The methods of transmission can be classified into 3 different infection acquisition time frames: in utero, peripartum, or postpartum. Approximately 95% of neonatal HSV infections are acquired during the peripartum or postpartum periods.2 The risk of transmission to a neonate varies greatly based on type of maternal infection: primary or secondary. A neonate born to a mother with a primary genital HSV infection relatively near the time of delivery has an estimated infection risk of 25% to 60%.1 A neonate born to a mother who has a reactivated infection or secondary infection from a prior infection has an approximately 2% risk of HSV transmission.1 Other factors associated with increased risk of HSV transmission to a neonate are negative HSV antibody status, vaginal delivery, longer duration of membrane rupture, compromised cutaneous barrier (e.g., scalp electrode), and HSV-1 infection.8 More than 75% of neonates with HSV infections are born to mothers with no known history of a genital HSV infection, limiting maternal history impact on neonatal differential diagnoses.1,9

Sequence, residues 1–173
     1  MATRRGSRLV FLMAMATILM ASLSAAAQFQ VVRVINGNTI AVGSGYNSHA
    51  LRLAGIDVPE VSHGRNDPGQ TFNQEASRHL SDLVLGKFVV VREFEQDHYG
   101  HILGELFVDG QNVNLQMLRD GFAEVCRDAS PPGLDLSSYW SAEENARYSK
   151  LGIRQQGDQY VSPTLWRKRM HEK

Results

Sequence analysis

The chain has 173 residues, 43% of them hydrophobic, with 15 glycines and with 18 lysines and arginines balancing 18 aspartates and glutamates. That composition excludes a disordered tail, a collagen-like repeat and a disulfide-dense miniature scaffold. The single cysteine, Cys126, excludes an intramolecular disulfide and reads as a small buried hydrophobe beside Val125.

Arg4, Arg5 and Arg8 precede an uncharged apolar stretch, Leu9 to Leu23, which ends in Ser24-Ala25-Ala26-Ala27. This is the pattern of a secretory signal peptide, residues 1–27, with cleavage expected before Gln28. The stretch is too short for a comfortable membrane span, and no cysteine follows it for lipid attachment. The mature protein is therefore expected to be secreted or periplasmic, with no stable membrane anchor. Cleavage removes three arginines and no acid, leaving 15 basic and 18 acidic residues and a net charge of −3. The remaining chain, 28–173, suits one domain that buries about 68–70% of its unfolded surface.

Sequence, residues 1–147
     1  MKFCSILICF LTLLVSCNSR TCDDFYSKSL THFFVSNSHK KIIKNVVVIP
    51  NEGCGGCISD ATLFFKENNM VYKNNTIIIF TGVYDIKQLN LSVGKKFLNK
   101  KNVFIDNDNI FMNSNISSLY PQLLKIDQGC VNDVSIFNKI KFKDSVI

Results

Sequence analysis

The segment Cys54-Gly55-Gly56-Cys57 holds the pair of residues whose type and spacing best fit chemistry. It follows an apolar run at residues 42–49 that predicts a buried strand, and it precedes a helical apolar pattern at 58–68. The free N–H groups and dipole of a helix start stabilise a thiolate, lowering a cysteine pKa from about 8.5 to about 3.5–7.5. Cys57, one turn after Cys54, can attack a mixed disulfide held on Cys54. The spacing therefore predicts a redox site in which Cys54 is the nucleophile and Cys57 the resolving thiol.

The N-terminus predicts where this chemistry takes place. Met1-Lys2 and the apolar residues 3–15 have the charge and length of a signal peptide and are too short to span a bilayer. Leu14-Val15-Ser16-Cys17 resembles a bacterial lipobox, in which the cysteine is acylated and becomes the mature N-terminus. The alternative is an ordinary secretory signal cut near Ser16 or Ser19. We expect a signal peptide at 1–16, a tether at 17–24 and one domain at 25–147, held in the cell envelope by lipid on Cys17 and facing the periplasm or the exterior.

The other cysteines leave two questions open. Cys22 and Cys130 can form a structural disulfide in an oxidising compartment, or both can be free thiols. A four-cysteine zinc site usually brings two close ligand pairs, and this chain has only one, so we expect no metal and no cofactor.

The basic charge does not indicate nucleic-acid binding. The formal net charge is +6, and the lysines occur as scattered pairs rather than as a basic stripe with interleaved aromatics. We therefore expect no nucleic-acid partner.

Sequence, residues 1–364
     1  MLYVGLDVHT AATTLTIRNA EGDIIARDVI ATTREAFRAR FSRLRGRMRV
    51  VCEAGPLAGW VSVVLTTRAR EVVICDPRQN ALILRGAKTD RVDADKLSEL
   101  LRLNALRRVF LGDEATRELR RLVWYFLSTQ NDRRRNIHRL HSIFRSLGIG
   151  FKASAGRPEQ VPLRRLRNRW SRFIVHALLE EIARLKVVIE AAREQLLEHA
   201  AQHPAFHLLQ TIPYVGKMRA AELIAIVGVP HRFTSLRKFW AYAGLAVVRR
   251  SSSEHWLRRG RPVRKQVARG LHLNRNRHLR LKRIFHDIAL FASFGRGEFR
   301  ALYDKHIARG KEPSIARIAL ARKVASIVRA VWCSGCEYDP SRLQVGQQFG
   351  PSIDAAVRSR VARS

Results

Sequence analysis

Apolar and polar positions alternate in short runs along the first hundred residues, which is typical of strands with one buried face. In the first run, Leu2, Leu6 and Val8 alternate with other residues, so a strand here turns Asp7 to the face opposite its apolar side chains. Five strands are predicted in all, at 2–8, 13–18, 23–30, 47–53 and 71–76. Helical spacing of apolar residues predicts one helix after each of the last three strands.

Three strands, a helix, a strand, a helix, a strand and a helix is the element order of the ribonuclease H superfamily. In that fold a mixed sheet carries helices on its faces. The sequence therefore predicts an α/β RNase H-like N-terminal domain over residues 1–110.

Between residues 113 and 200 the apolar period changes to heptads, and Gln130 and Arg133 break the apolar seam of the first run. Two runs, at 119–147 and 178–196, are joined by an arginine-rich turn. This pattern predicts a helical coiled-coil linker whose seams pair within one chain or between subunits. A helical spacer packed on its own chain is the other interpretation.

Although rare, neonatal intrauterine HSV exposure presents with 3 classic manifestation locales: dermatologic, neurologic, and ocular. Cutaneous presentation may include aplastic cutis, hyperpigmentation, hypopigmentation, or lesions. Neurologic findings may include calcifications, hydranencephaly, or microcephaly. Ocular presentation may include chorioretinitis, microphthalmia, or optic atrophy.2 

Neonatal peripartum- and postpartum-acquired HSV infections manifest in 3 specific forms: localized skin, eyes, or mouth disease; localized central nervous system (CNS) disease; or disseminated disease. Skin lesions may be a characteristic of all neonatal HSV infections. However, lesions may not be present at disease onset.1,2,9–12 Skin lesion cultures are often positive for HSV if present.10 

Skin, Eyes, or Mouth Disease

An estimated 45% of neonatal HSV infections are skin, eyes, or mouth disease,1,2 which usually presents between 5 and 11 days of life.13 Skin lesions are present in more than 80% of neonates with skin, eyes, or mouth disease, with 20% involving eyes and/or mouth.1,2 Small vesicles are found on the skin near sites of compromised skin integrity or around the eyes or mouth. Inadequately treated disease may lead to CNS or disseminated disease.13 Of the 3 disease types, skin, eyes, or mouth disease has the best morbidity and mortality outcomes.1